Strictly, there was nothing to prevent a claimant asking for a supersecession of a decision on the grounds that his self employed earnings had altered. That has not changed. Reg 23 HBR allows you to decide what period (up to a year) to use in estimating a claimant’s self employed earnings. Reg 66 then allowed you to set a suitable benefit period. This provision is now covered by your interventions.

    There is nothing to stop you deciding at some point into a benefit award that you wish to look at self employed earnings again. Reg 7 of DMA allows you to supersede a decision where a change of circumstances is anticipated; for example, the claimant may employ people and be planning to lay some of them off due to business problems.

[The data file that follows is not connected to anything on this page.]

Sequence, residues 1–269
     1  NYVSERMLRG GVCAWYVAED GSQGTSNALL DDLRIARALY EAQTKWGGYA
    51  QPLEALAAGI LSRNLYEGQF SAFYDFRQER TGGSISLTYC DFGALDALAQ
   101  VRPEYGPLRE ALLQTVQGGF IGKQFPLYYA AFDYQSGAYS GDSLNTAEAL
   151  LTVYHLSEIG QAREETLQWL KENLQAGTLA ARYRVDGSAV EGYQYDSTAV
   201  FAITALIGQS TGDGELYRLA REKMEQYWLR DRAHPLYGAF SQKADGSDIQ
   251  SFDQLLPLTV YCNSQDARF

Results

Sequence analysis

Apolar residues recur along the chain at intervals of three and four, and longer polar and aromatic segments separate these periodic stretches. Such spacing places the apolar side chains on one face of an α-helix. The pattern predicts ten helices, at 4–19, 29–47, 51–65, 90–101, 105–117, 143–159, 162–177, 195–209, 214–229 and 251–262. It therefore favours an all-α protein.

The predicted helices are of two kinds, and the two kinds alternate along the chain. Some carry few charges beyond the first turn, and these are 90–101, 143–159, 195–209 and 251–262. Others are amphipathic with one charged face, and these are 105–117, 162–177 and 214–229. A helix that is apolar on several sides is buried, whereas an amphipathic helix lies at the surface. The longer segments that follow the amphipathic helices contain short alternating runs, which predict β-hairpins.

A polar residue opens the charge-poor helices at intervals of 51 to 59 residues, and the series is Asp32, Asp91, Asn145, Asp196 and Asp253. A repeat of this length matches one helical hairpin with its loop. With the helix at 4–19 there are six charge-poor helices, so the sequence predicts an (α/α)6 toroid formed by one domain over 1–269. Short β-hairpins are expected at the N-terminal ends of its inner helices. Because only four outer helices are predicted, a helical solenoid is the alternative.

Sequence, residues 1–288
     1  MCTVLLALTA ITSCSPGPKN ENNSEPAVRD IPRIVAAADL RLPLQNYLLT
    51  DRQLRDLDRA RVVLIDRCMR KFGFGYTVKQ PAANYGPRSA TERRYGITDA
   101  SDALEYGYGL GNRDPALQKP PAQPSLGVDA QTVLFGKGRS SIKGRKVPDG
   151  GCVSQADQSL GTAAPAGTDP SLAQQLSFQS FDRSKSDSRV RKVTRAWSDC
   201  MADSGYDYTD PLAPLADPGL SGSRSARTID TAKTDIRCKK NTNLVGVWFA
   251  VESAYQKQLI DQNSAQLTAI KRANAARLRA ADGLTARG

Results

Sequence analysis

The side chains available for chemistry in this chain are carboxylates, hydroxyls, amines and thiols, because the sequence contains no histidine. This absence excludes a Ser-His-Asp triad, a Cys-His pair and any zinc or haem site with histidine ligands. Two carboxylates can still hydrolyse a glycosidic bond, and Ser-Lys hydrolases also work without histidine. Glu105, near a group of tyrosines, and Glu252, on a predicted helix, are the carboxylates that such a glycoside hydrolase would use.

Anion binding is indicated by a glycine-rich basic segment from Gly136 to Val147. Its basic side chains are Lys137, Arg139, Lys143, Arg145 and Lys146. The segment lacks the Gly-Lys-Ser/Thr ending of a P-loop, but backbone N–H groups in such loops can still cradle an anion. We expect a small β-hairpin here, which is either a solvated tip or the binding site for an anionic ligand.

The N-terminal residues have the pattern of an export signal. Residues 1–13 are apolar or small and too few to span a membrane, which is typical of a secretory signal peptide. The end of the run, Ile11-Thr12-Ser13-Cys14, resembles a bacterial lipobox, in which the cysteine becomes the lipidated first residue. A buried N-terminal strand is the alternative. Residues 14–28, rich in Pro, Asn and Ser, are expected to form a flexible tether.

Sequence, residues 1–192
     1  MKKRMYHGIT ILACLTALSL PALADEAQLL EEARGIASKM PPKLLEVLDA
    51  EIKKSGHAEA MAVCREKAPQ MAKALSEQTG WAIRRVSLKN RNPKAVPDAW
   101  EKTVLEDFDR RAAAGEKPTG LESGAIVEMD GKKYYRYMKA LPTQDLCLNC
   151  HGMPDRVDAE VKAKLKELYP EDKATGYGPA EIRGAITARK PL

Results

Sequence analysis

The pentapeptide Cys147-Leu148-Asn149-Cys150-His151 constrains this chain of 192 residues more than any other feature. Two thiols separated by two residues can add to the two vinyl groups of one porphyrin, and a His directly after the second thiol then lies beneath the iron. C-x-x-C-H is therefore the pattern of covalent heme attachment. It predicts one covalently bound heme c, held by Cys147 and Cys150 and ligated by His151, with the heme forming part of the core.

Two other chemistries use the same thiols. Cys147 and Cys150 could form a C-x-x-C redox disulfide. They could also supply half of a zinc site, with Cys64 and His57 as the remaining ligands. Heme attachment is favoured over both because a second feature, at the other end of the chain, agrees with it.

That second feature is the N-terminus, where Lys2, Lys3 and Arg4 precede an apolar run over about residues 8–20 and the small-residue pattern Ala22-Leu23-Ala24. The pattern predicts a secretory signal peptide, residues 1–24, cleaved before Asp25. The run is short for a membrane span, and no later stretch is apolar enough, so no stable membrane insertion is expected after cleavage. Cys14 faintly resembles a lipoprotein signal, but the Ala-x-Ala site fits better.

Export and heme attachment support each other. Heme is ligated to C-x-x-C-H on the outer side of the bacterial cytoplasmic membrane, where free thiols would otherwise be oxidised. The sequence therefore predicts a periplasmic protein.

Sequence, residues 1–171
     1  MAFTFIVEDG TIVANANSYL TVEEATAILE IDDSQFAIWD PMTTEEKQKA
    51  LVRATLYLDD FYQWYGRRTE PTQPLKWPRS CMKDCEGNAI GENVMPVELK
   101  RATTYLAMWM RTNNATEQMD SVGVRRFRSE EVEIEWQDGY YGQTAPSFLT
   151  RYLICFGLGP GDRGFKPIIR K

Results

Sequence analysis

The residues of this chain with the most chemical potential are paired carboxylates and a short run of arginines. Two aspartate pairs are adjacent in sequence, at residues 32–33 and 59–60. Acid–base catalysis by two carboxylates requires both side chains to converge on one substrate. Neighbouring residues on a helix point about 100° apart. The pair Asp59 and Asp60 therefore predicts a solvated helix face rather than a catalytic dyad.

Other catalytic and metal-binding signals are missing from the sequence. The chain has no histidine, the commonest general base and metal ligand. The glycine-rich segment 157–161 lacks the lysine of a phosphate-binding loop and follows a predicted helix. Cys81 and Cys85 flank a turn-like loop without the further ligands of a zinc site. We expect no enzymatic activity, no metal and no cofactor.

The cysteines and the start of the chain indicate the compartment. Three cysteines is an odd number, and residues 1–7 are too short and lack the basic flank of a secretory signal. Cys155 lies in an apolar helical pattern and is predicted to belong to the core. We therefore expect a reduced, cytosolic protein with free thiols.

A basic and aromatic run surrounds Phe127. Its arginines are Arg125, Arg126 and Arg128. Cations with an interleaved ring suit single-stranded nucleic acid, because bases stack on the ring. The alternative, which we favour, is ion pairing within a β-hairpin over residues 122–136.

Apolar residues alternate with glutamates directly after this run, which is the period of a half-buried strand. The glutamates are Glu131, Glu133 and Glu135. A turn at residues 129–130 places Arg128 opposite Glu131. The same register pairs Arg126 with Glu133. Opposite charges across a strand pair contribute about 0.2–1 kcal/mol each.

Would you have to consider a supersession each time the claimant asks for one? Strictly, yes, you have to consider it. You don’t have to do it. Commissioner Powell’s decision CH/329/2003 may help illustrate this point. I think you have to apply a test of reasonableness. To refer to Commissioner Powell’s example, if a roofer cannot work for two weeks due to rain, it may not be reasonable to supersede your decision. If he has to employ some one else for six weeks, because he cannot work after falling of a roof, you may consider it reasonable to supersede.


    Thanks for your comments.

    If you use interventions and find out from the intervention that there has been a change, what effective date do you use to amend the income from?


    That’s where the D&A Regs are silent Jayne-T.

    The best I can suggest is that you say:

    (i) – the last payment issued before the intervention date represents the last payment you consider it safe to make on your previous income estimate